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est.1868: A Walk on the Wild Side

D16 484pub

There is a pair of patched, worn leather boots, a little over a century old, on display in the deadliest section of est. 1868.

An eyelet is missing from the right boot; a sole is nailed in place; there are cracks in the leather and a lace is lost. Many repairs are evident. The initials “E W” are pierced on their tongues. 

The accession register notes only “Boots (Capt. Scott) per S.S Aurora. Per Imperial Transantarctic Exped (Shackleton)”.  

The Aurora was one of two ships that sailed south in early 1915 bearing Sir Ernest Shackleton’s Imperial Trans-Antarctic Expedition (ITAE). She reached McMurdo Sound, where her crew began to unload the supplies it was anticipated Shackleton’s team (who had sailed on the Endurance) would need towards the end of their crossing. Before that work was completed, however, the Aurora broke from her moorings during a severe gale with only a small crew aboard.  After weeks drifting, trapped in pack ice, she managed to make her way to Port Chalmers, captained by Lieutenant Joseph Stenhouse. 

The men left stranded at the Ross Sea remained there until the Aurora was repaired and able to sail south again the following year to rescue them. They continued laying supply depots and undertaking what scientific work they could. Clothing supplies were scarcer than food. Newspaper accounts later noted that Ernest Joyce and Frank Wild made clothes and fur boots from the materials that had been left in Robert Falcon Scott’s huts at Cape Evans and Hut Point. Some are now in the collection of the Canterbury Museum. [1]

Two sledges from Scott's unsuccessful Terra NovaExpedition were found at Mount Hope in January 1916. [2] These were used and brought back to New Zealand.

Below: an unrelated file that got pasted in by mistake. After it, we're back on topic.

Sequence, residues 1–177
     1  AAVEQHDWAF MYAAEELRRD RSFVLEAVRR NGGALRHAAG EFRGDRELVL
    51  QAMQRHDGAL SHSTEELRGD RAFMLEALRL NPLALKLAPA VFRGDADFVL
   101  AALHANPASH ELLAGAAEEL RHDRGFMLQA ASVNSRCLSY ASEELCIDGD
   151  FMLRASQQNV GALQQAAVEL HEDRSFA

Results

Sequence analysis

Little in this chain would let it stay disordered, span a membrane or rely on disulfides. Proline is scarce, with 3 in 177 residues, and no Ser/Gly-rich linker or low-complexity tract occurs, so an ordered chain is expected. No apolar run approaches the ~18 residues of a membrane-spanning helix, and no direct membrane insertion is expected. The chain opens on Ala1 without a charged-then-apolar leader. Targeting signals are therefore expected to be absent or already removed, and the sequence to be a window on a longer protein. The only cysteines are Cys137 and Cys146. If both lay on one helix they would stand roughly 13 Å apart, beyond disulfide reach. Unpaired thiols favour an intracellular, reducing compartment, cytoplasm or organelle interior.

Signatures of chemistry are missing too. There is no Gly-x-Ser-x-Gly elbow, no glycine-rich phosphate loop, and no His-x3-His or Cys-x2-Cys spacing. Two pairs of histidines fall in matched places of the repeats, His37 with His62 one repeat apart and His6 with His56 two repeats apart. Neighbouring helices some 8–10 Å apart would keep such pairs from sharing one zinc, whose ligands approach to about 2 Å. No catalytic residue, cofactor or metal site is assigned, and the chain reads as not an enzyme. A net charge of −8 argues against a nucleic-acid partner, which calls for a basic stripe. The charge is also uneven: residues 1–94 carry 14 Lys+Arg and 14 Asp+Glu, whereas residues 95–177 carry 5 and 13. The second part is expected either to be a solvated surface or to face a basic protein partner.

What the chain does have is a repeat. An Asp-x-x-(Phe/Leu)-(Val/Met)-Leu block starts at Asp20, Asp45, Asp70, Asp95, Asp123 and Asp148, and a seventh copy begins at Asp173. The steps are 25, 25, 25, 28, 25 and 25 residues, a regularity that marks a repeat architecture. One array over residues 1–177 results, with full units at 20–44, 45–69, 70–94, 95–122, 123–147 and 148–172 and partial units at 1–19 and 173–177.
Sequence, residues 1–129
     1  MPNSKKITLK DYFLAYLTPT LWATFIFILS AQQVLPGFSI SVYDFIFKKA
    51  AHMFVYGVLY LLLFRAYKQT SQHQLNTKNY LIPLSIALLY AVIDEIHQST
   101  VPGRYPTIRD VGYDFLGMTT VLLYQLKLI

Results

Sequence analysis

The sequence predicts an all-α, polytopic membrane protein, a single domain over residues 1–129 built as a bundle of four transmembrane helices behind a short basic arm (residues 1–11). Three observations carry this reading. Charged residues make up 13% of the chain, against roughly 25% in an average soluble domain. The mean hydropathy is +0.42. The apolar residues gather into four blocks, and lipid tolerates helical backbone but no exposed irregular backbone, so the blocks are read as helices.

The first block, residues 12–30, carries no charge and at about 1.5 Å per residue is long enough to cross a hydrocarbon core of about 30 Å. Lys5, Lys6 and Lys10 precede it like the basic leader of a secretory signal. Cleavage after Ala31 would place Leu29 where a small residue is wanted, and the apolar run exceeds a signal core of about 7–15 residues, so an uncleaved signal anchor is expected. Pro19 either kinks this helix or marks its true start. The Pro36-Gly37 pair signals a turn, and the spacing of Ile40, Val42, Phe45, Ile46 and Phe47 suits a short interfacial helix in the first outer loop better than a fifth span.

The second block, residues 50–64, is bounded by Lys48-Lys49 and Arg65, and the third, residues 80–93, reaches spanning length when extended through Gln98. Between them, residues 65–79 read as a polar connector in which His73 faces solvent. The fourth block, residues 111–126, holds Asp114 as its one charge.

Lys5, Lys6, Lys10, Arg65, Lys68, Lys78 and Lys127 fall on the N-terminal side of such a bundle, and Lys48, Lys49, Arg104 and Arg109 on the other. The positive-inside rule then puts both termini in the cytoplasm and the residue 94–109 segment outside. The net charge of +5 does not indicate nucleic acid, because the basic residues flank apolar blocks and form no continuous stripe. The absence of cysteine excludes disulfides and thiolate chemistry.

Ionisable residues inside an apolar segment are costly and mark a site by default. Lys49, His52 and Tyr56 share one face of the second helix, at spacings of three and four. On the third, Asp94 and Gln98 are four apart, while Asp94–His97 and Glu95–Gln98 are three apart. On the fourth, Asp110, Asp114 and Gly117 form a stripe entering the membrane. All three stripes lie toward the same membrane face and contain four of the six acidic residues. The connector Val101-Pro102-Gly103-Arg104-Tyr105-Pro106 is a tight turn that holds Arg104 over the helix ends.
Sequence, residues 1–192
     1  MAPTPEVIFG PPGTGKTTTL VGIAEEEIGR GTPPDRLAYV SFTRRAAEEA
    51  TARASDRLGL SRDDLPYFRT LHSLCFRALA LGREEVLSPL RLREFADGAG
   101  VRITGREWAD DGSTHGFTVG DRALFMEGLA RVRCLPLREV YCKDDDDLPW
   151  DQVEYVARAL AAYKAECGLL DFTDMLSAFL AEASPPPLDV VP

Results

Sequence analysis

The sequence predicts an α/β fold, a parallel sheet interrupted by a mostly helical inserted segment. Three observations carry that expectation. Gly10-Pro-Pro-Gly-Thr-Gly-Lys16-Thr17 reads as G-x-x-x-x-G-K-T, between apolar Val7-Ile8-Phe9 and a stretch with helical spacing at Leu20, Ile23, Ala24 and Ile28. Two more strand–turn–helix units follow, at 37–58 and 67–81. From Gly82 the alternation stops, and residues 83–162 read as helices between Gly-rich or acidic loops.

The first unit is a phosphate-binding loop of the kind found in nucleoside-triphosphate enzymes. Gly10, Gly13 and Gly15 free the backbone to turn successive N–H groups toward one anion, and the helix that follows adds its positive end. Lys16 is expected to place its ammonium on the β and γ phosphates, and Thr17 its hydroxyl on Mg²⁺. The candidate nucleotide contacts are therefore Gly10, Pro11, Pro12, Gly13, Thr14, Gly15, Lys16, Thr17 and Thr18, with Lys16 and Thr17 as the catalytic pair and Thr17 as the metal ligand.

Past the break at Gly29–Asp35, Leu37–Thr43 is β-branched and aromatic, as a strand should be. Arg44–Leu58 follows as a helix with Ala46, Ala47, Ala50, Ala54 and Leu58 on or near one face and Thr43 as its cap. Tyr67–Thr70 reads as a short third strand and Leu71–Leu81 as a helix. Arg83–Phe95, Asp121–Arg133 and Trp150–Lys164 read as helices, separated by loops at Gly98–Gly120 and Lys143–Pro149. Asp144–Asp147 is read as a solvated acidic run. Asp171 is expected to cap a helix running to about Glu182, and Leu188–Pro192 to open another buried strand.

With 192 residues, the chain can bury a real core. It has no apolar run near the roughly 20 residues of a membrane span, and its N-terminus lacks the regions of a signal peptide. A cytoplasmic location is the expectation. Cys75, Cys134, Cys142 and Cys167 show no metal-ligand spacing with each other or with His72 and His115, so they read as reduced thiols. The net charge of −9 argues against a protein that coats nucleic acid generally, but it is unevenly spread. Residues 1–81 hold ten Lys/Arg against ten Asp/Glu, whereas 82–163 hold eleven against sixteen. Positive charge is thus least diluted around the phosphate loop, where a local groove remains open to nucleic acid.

The boots on display in est. 1868 are not so precisely documented but Stenhouse wrote that they were “made at Cape Evans by one of Scott’s party”. [3] The only member of the Terra Nova Expedition with the initials E W was Edward Wilson, doctor and artist, who died of hypothermia with Scott and Bowers in March 1912.

In 1917, William Benham and Edwin Gibson, the Museum’s curator and taxidermist, created a display in the Hocken Wing on life in the Antarctic, using taxidermied seals, penguins, skua and petrels that were donated by the ITAE. Benham wrote that “a sledge, and … some harness, skis, and other things used by members of the ill-fated Scott expedition” were placed outside the case. [4] We assume that these boots were there, showing Museum visitors that the stunningly beautiful continent was also deadly.


These boots are currently on display in the Special Exhibitions Gallery as part of our est. 1868 exhibition.

[1] Cadenhead, Natalie (2011). “These boots were made for walking: the footwear of the Ross Sea Party of the Imperial Trans Antarctic Expedition 1914-1917”. Context 23 pp 33-43.

[3] Stenhouse, J (1917). Letter to W Benham 5 January 1917. Dunedin: Hocken Collections Te Uare Taoka o Hākena MS-0762.

[4] Otago Museum Annual Report for the year 1917.  

Image: Pair of leather boots brought to Dunedin on the Aurora. Gift of the Imperial Trans-Antarctic Expedition; Otago Museum Collection. D16.48. By Kane Fleury © Otago Museum.